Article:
It’s the middle of the flu season, and those of us who haven’t gotten our shots might be regretting it right about now. But turns out, flu shots work for some better than others, and all of that is determined by your genes. A new discovery by researchers at the University of Basel, Switzerland, suggests that genetics play a role in the efficacy of flu shots. According to the study, different genetic variants of a gene called IL-28B influence the way a person’s immune system responds to the vaccine.
The researchers first studied immune responses to vaccines in organ transplant patients. Vaccines usually do not work well for these patients because their immune systems are suppressed by drugs, used to prevent organ rejection. Because their immune system is suppressed, these patients do not have a strong immune response to vaccines, which means the vaccine is less likely to protect them and they are more likely to get sick - something that can be fatal for these patients.
The IL-28B gene has two versions, called alleles, one of which is dominant and occurs more often, and the other is recessive and less common. The researchers found that patients who had at least one recessive allele of the IL-28B gene were more likely to have a stronger immune response to the flu vaccine. This means that the flu shot is more likely to work for people with at least one recessive allele.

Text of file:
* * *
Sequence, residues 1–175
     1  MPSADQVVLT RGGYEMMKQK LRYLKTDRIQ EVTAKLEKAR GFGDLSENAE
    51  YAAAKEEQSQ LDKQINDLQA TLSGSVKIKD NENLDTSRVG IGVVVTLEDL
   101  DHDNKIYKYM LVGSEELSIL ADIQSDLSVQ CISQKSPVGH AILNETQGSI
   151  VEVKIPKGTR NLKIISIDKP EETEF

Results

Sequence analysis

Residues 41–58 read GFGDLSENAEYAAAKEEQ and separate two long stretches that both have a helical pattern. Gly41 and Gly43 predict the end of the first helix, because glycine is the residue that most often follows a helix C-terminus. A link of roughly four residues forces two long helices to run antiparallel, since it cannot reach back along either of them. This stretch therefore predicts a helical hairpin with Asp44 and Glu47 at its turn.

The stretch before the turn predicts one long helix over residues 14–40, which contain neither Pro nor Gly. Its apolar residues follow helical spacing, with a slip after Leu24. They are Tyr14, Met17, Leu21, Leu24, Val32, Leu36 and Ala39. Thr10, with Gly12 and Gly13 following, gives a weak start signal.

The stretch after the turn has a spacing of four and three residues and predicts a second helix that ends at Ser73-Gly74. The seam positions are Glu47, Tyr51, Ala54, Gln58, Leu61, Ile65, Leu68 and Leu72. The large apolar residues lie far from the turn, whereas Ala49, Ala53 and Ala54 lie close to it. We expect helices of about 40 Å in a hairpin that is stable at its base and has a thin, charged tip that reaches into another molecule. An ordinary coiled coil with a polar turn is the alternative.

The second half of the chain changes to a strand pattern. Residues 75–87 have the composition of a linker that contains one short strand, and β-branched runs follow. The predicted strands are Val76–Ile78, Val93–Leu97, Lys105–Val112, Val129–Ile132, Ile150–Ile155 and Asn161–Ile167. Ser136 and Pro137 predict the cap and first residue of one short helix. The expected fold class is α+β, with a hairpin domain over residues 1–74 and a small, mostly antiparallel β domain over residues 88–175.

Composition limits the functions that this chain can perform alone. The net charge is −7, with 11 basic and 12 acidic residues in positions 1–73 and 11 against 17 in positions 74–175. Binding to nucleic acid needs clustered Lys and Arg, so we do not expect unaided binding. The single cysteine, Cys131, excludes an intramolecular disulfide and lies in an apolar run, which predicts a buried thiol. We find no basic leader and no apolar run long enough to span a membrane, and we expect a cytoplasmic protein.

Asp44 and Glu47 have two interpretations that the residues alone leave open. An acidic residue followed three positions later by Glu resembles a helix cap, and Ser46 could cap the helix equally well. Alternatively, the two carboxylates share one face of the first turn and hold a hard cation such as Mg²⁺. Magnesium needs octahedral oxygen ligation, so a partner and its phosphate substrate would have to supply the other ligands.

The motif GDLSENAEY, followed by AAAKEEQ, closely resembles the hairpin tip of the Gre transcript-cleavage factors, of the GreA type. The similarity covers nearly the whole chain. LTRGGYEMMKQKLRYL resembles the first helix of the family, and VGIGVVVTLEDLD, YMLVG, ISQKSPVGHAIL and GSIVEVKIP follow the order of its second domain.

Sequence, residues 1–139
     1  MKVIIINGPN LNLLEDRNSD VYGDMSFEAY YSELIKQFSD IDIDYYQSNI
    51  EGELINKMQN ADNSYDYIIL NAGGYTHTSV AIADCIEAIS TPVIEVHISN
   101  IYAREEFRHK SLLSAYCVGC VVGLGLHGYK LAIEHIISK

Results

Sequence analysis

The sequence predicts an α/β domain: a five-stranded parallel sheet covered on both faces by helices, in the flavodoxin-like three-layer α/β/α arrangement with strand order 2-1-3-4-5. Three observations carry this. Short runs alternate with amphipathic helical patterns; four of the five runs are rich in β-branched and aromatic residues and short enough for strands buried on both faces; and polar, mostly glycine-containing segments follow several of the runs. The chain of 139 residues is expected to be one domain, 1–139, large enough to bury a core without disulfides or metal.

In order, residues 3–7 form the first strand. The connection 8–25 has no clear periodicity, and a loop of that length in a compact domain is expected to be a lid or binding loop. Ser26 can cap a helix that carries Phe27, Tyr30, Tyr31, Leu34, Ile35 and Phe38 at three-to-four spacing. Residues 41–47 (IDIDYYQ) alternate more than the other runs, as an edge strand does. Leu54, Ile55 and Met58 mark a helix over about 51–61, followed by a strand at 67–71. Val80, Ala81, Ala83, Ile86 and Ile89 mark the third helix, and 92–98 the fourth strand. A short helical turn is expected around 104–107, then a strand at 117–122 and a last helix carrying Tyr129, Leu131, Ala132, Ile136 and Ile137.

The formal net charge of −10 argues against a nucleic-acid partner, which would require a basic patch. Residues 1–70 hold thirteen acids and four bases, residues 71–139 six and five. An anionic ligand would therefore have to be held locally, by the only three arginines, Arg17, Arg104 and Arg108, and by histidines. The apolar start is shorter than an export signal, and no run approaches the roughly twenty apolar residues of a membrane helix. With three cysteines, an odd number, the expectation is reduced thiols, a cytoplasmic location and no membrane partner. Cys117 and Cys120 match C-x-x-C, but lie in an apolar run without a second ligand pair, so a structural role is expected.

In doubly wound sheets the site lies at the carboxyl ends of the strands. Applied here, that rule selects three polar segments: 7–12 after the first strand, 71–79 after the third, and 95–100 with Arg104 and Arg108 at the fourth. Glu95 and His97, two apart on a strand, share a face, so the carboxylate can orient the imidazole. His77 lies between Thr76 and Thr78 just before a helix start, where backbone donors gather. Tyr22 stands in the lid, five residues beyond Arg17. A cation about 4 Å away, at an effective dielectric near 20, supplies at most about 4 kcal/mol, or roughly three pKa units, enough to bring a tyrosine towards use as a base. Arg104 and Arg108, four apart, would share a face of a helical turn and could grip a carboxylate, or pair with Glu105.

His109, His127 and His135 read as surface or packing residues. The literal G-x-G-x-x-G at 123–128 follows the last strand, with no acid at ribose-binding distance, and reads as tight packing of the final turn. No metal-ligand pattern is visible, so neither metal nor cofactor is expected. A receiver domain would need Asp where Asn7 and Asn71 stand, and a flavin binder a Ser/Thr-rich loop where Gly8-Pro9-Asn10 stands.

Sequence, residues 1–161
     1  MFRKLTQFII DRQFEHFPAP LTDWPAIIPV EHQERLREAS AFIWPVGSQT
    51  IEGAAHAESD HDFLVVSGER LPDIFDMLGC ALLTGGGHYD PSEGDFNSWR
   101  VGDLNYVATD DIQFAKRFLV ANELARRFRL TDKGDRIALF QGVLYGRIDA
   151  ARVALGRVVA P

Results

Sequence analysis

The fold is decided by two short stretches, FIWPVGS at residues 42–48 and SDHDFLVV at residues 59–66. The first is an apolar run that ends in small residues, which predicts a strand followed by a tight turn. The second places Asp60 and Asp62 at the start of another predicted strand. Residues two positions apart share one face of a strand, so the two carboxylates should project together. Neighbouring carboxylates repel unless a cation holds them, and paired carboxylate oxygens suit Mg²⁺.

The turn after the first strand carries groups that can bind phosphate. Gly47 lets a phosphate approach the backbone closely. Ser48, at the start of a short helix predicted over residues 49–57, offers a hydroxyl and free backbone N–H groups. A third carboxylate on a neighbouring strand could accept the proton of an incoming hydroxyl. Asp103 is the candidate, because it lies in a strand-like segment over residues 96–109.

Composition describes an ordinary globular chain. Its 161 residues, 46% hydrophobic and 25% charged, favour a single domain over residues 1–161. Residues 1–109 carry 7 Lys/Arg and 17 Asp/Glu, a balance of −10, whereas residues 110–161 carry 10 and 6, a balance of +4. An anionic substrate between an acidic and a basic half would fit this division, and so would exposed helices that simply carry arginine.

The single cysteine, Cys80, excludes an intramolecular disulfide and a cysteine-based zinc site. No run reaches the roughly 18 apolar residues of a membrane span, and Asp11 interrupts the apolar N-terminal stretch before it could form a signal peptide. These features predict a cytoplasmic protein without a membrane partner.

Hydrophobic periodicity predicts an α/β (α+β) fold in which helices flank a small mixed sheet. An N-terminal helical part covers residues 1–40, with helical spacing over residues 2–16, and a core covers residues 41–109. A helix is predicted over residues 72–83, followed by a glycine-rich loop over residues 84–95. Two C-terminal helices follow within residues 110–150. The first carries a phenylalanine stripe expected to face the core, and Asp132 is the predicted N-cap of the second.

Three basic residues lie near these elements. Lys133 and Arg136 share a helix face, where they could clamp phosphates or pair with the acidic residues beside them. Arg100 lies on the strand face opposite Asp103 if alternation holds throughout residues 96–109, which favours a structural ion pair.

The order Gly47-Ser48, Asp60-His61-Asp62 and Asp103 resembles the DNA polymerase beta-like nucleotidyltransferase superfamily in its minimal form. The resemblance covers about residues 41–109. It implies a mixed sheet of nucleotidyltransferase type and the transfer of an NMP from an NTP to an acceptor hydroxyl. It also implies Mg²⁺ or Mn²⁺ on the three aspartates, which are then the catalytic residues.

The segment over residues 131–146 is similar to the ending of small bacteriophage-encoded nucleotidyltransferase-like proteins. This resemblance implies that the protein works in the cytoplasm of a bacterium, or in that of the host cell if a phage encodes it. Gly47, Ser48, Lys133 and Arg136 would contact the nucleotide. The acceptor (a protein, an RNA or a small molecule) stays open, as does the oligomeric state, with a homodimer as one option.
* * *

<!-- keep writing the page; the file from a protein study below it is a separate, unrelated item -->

The researchers found the same pattern in people who do not take immune-suppressant drugs. Those with at least one recessive allele had stronger antibody response to the vaccine. These results suggest that genetics play an important role in a person’s response to vaccines, and that there is a possibility of targeting a particular gene in order to achieve better response to vaccines. So, if you got your flu shot but got sick anyways, don’t despair –researchers may soon be able to improve the way your body reacts to vaccines by targeting this particular gene.
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